YOU: a middle aged woman in mom jeans with two small dogs, walking along the street behind mine the other day.
ME: the 32-year-old who looks 15 who was jogging down the street pushing an empty stroller. The one to whom a crossing guard had remarked only minutes before, “Looks like you lightened the burden a little,” and who replied to him (with probably a little too much candor), “Actually, it’s the saddest moment of my day… but yeah, the stroller is easier to push, I guess.” The one you treated to the hilarious remark, “Your carriage is empty!” making light of his pain without knowing it. The one who was mad at you for bringing it up so lightly, and then disappointed in himself for being so sensitive to an obviously off-the-cuff tidbit of small talk—and who then felt guilty for abandoning his precious little two-year-old girl in day care every day just so they can live in a good little house in a safe neighborhood with decent schools and the ability to pursue the careers he and his wife chose, as if that mattered more than spending another eight hours a day with his precious little girl.
The man who proceeded to emotionally bludgeon himself the rest of his run home, trying to reconcile a harsh reality for the nth time, questioning the expenditure of almost two years he could never get back anyway. The man who finally started to see the bright side—the financial stresses alleviated… the futures provided for… the opportunities he would be able to provide for his children… the safety nets spanning the dangerous gaps beneath his life and his wife and daughter’s lives, the metaphorical cracks between which we are prone to slip when we don’t have a backup plan or when the force of circumstance overwhelms the of power of foresight.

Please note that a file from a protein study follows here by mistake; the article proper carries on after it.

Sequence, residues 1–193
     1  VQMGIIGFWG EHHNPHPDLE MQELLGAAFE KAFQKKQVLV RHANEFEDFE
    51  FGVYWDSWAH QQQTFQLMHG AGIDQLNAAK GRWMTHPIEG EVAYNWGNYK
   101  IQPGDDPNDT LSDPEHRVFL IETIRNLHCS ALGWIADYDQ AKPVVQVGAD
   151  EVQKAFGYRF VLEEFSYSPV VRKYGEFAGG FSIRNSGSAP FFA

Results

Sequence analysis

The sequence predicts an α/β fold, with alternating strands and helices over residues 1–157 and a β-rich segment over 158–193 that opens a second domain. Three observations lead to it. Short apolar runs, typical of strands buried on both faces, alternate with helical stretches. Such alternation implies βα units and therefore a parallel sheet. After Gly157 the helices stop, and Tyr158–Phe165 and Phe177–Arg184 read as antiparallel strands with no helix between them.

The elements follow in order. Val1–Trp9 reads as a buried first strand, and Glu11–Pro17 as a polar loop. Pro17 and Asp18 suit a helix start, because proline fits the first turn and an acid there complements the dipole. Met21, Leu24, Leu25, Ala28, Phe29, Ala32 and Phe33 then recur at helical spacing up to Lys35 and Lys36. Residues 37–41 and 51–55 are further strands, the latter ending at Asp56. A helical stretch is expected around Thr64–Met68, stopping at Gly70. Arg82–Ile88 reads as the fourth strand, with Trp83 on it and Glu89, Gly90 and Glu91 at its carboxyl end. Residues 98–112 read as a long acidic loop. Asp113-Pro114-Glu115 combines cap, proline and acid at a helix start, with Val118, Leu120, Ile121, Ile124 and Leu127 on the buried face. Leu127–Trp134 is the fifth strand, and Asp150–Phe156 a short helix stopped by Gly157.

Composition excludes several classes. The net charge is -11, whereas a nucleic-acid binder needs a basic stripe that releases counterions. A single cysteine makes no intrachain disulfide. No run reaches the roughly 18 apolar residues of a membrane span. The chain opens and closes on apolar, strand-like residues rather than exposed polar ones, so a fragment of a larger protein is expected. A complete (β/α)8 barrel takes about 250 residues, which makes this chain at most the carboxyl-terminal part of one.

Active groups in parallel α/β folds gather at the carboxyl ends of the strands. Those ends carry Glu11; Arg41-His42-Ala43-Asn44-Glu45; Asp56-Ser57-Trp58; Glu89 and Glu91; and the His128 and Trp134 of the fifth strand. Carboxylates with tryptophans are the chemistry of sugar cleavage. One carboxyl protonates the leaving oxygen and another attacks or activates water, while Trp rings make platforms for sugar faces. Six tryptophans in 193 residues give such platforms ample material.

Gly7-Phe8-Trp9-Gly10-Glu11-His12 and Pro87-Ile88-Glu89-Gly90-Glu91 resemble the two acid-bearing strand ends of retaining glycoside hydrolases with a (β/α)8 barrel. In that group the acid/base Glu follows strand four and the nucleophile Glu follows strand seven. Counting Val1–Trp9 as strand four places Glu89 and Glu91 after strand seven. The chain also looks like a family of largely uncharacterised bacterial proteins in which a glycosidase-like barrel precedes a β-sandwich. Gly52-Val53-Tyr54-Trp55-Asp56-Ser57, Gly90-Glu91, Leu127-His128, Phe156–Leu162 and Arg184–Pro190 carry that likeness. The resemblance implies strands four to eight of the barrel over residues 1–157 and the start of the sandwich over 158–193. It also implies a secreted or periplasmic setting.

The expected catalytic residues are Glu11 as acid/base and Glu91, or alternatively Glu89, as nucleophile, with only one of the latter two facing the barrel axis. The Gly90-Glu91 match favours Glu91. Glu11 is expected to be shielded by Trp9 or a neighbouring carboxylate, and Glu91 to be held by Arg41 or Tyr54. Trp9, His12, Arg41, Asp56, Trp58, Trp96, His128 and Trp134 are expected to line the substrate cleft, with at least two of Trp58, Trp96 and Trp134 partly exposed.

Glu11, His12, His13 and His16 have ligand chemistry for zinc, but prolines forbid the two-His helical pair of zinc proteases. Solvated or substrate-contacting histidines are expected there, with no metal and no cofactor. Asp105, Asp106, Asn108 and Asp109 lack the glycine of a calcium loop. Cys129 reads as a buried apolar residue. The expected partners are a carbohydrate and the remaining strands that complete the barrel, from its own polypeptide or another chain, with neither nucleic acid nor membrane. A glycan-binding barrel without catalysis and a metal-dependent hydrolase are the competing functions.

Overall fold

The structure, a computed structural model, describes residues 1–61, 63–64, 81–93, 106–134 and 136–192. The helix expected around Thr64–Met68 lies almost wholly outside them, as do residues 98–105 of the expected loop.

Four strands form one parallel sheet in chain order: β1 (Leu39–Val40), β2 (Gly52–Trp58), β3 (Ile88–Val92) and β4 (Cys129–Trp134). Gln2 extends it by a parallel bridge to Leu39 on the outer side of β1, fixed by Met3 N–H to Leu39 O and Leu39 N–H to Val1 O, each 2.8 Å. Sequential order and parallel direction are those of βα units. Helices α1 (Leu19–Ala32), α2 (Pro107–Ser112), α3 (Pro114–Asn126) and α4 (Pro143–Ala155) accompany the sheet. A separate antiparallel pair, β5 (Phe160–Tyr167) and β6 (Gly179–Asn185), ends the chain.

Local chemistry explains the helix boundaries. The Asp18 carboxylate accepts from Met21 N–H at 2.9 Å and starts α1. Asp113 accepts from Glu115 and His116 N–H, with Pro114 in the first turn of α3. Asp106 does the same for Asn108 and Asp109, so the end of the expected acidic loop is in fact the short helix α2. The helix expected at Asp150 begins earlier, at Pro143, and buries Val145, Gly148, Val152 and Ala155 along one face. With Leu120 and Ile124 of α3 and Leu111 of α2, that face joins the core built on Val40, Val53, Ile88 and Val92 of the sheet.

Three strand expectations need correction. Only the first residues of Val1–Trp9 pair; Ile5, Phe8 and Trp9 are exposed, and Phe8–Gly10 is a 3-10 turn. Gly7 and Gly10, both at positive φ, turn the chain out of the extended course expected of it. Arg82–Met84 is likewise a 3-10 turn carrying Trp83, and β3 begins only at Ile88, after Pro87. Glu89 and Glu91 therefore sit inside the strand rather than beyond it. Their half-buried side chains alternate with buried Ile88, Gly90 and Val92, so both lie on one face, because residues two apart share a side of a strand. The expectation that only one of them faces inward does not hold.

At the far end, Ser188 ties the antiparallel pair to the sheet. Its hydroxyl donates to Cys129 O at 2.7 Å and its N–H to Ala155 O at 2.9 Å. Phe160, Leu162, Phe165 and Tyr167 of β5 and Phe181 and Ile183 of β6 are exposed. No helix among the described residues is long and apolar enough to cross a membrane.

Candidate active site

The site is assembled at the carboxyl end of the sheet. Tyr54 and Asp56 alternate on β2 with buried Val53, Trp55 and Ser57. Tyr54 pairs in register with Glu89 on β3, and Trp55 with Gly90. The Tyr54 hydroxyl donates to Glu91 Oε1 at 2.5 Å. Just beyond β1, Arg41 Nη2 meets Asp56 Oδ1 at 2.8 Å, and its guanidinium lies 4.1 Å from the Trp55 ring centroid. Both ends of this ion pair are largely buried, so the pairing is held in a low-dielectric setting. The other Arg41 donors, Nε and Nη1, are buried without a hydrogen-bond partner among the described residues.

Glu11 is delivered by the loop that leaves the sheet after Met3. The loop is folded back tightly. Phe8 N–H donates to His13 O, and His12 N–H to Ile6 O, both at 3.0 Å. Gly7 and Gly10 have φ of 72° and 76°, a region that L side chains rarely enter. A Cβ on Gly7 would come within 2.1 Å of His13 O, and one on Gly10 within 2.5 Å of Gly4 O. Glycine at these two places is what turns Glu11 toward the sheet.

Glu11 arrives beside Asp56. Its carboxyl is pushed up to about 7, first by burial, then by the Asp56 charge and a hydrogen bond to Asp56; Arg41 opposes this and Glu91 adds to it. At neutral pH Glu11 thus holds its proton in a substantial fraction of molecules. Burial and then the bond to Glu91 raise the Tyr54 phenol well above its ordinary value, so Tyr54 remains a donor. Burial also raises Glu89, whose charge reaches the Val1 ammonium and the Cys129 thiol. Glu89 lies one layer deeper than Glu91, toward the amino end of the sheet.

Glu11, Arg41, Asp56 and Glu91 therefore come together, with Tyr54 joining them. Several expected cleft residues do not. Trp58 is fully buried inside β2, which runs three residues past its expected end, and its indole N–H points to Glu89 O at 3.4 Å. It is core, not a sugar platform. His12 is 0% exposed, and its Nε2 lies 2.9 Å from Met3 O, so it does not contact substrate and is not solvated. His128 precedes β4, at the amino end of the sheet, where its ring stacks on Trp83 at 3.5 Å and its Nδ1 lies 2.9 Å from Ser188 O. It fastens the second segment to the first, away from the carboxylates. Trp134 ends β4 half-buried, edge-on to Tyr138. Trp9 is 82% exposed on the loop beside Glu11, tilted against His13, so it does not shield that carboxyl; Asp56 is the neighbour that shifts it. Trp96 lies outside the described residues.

In the end, I think that man would like to thank you. I believe one of the keys to a happy life is appreciating what you’ve got. Each day since I saw you, I have tried to remind myself that my family and I may have less time together than we’d like, but it’s good time, more consistently filled with joy than if we grappled each day with the specter of bankruptcy or lived under a cloud of uncertainty because we had no plans for our future. So while I think I’ll continue to question the extent to which the pursuit of security and material comfort guides my life, and I think that’s probably a healthy skepticism, I also aim to fully appreciate the combination of hard work, careful planning, loving family and friends, and good fortune that has built our safety net and set us up for success.
Money hasn’t bought me happiness and I know it never will. But it has the power to lighten the load as we travel our paths toward happiness. We just have to embrace the gratitude and peace that allow us to notice the load has been lightened.